Successful hunting is mostly a case of making the right decisions at a specific moment in time. These may include: deciding what gear and which calibre rifle to take to the hunting field; in which area to hunt; what the target species will be for a specific day; which specific animal to target in a group of animals; which approach to take to arrive at a shootable position in relation to the quarry; what stalking method to use at what point in the process; establishing which way the wind is blowing; and what distance to compensate for when finally taking a shot. The hunter does not often get the opportunity to correct his decisions.
Photos ©Paul van Schalkwyk
Piet van Rooyen
W e were hunting on Farm Kaujetupa in the mountains of the Khomas Highland west of Windhoek, specifically looking for mountain zebra. I was hunting with the farm owner, my lifelong friend Ben van Rensburg. I wanted a zebra for two reasons: firstly a good, prime-grade skin for a bedroom carpet and secondly a good stash of fat zebra meat for my kitchen larder. Zebra meat is, not without reason, known as one of the best types of venison available to the discerning taste buds of a connoisseur. The late Braam Kruger – chef and cuisine-aficionado, popularly known as Kitchen Boy – rated zebra meat in his book Provocative Cuisine as the best-tasting game meat available, provided that the yellow surface fat is removed from the meat soon after skinning. Zebras also look good to eat from a distance: fat, nicely striped, well-rounded. There is a widespread belief that zebras never get thin, not even in times of severe drought. Another rumour has it that a zebra can die of hunger even when it looks well-fed because it does not have the capacity to re-absorb its fat layers in times of need. We disregarded several good-sized gemsbok grazing on the mountain slopes around us. Our target was a good zebra. I specifically wanted a dark-coloured skin to go with the colour scheme of our bedroom at home. Zebras have no measurable trophy characteristics and trophy hunters visiting Namibia mostly hunt them as a bonus to the normal trophy package. The skin, because of its beauty, however, remains a sought-after keepsake of a memorable African hunt. Sometimes zebras are hunted as bait for a leopard hunt, where these are available on tag. I, however, have great respect for their wiliness and tenacity and find a great deal of satisfaction in a successful zebra hunt itself.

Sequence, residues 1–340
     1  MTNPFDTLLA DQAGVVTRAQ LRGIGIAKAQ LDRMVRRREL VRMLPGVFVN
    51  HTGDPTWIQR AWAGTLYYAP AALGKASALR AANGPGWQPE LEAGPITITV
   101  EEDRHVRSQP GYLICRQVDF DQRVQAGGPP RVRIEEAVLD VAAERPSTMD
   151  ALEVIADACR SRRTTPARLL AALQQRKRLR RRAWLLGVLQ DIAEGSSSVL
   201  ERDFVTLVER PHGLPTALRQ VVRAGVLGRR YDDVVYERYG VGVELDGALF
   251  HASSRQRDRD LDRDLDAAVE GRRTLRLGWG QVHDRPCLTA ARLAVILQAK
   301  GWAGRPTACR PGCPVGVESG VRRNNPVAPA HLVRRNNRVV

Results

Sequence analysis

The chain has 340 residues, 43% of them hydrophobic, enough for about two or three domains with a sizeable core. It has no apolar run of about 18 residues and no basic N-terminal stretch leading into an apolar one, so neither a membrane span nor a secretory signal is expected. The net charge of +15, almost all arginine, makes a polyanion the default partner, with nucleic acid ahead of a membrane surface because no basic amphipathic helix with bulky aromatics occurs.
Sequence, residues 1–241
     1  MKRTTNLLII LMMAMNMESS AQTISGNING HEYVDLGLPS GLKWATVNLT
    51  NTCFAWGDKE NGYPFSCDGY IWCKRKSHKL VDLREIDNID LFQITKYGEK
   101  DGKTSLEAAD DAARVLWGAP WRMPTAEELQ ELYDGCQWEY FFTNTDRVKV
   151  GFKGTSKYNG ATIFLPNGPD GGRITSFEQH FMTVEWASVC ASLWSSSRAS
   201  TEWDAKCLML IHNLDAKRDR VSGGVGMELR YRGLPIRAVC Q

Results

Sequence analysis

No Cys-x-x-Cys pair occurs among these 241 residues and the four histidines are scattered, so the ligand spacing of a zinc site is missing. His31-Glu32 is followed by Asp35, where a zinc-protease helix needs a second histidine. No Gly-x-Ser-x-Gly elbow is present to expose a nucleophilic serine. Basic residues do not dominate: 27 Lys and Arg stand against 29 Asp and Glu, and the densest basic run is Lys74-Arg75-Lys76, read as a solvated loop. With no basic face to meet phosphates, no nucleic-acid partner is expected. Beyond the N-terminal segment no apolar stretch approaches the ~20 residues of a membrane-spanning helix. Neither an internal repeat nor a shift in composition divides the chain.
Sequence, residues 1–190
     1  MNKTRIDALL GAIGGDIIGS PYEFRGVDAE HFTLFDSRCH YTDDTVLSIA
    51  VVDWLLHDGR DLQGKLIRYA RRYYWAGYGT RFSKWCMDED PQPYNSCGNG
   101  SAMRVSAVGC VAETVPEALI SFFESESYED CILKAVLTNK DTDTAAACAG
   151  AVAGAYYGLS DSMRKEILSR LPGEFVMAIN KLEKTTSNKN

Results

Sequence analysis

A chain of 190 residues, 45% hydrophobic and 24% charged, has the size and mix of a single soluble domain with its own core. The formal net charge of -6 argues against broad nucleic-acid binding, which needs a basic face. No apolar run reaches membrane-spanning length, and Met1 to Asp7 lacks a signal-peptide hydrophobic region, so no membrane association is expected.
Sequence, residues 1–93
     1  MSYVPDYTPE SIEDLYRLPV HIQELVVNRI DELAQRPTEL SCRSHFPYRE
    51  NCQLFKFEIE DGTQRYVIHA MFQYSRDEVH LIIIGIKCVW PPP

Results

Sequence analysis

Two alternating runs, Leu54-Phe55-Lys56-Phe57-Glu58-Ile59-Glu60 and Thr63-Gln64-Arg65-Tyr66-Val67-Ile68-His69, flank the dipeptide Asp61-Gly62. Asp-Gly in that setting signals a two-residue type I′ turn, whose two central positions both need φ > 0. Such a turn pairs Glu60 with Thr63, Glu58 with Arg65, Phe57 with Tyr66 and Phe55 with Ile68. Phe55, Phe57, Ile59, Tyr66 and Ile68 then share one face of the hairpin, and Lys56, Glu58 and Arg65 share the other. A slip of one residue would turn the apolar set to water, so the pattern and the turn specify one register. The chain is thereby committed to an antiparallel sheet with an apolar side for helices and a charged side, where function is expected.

Hartmann’s mountain zebra (Equus zebra hartmannae) is well-known for its adaptation to mountainous areas, where it thrives in a rocky habitat. It is amazing to see where these animals manage to find a foothold between the rocks and boulders of the Khomas Hochland, often running at speed over terrain much too rough for even the best four-wheel drive vehicles to follow.
While trying to bypass the small groups of gemsbok on the farm we could see many fresh zebra tracks in the game paths around us. We were therefore sure that we were operating in the right area. It was just a case of patience and perseverance in order to find our quarry. Suddenly, on reaching a specific mountain ridge, we could see two groups of zebra grazing below us, one group on our extreme left side and the other way down on the right. We had a problem: which one was the best group to target? A quick scan with the binoculars indicated that each of the groups had a shootable dark-skinned individual in its midst. The group to our right had a mature dark-skinned mare and the left-hand group, although further away, had a very good stallion. From that distance, I could not detect any blemishes on either of the skins. Stallions often fight amongst one another and, in order to obtain a good skin, it is necessary to inspect the quarry very closely before taking a shot.